Black said no one from Steamboat contacted the Salt Lake Organizing Committee and with only 65 days to hit 46 states, someone was going to be missed. Steamboat was just too late.
“If last summer or even winter we would have gotten all these Olympians in Steamboat together, we could have gotten it (in Steamboat),” Black said. “I guess we were all too busy enjoying the powder.”
The Olympic Torch Relay for this year’s games began Dec. 4 in Atlanta, Ga., and will end at the opening ceremony Feb. 8 in Salt Lake City. Torchbearers from Steamboat Springs include Sue Lewis and Emily Conjura.
For each town the Olympic Torch Relay passes through, more and more people gather to cheer on the participants, Black said.
“The crowds keep them awake. It’s definitely an adrenaline-pumping event,” Black said, adding many times the runners do not get to bed until 11 p.m. or midnight and are up to run at 5 a.m. “This is the Olympics’ way of bringing it to the people since many cannot be there.”
The Salt Lake Organizing Committee advertised for about two weeks to recruit torchbearers and support runners in this year’s Olympic Torch Relay. Nominators had to submit an essay on why they thought their nominee would be a perfect fit for the relay.
Simms said the collaborative letter from her, Schmid and DeVos listed Perricone’s various athletic accomplishments and the qualities that make her a perfect fit as a support runner.
Schmid said Perricone is the ultimate in skiing and school what better choice?
“She excels in what she does for Winter Sports Club and school,” Schmid said. “I can never keep track of where she is. It’s amazing she’s done so much and still keeps up with her school work.”
According to the Olympic Web site, Coca-Cola and Chevrolet, the two Olympic Torch Relay sponsors, received 210,000 nominations conducted by the Salt Lake Organizing Committee.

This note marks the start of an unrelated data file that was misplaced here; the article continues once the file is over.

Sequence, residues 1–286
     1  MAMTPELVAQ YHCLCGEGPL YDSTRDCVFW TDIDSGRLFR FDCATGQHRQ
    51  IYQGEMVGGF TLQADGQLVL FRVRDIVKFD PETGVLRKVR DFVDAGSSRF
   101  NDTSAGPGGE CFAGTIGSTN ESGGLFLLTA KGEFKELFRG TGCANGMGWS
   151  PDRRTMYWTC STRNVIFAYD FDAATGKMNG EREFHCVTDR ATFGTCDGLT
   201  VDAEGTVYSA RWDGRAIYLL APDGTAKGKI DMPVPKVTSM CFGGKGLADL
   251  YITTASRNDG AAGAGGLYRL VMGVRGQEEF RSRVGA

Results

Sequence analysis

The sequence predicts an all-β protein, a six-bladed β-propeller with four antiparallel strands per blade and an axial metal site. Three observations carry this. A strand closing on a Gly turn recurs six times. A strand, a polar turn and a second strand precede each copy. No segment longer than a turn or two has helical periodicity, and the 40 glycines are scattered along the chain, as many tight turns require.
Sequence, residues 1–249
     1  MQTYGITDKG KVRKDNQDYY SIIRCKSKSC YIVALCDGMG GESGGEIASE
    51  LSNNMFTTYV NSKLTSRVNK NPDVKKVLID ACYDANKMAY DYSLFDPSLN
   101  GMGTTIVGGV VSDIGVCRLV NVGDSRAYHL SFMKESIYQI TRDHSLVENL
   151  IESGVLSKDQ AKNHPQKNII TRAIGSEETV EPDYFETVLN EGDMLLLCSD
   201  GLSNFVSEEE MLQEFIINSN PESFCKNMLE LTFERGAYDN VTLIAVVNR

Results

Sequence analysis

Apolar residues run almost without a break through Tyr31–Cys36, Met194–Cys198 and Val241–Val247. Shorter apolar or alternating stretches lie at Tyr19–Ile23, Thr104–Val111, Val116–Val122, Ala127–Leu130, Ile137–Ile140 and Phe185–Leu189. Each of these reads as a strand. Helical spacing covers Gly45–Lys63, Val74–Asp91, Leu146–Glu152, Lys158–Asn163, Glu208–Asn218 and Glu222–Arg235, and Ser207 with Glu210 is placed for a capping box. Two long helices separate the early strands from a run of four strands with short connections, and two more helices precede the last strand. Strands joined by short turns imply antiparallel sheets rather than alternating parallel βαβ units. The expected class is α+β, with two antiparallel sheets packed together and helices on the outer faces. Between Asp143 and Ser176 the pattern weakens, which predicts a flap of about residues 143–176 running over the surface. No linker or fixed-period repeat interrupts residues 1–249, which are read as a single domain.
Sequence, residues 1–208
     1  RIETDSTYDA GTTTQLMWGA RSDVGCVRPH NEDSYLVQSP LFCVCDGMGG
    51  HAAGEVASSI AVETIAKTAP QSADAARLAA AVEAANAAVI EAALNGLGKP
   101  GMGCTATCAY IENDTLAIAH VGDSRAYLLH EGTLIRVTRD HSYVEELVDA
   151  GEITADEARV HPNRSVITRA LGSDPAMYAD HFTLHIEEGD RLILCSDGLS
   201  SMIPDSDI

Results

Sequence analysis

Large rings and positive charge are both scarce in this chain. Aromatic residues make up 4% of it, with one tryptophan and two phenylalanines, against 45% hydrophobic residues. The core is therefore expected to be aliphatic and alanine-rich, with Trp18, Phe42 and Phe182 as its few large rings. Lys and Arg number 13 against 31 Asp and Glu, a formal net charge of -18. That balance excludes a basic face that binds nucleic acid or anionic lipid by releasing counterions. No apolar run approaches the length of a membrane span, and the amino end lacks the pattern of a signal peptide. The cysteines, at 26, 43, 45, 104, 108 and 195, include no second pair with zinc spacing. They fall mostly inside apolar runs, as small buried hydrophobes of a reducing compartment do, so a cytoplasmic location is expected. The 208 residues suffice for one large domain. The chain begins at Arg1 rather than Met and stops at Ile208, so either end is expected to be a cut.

The chain of 11,500 torchbearers covers 13,500 miles and 46 states (excluding Hawaii, Minnesota, North Dakota and South Dakota). The torch will travel 208 miles a day.
Torchbearers will carry the Olympic flame for 0.2 miles each and will be accompanied by one of 4,300 support runners. The flame is the only thing that is passed along, not the torch.
Black said each torchbearer has the opportunity to buy the torch they carry for $335. The company constructing the torches made about 13,000.
“Only two torchbearers have broken their torches. That’s amazing since it’s been in the hands of about 10,000 people,” Black said.
Coca-Cola’s Web site states that the flame is ignited by the sun’s rays in Olympia, Greece, and travels through car, boat, train, plane, dogsled, skier, horse-drawn sleigh, snowmobile, ice skaters and covered wagon to its resting place in Salt Lake City 2002.
Due to weather in Greece this year, the Olympic flame was not lit from the sun’s rays but a back-up method.
If the torch accidentally is extinguished, the accompanying backup flames held in pewter oil lanterns from Greece are used.
The Olympic flame became a tradition of the modern Olympic games at the 1928 Amsterdam games.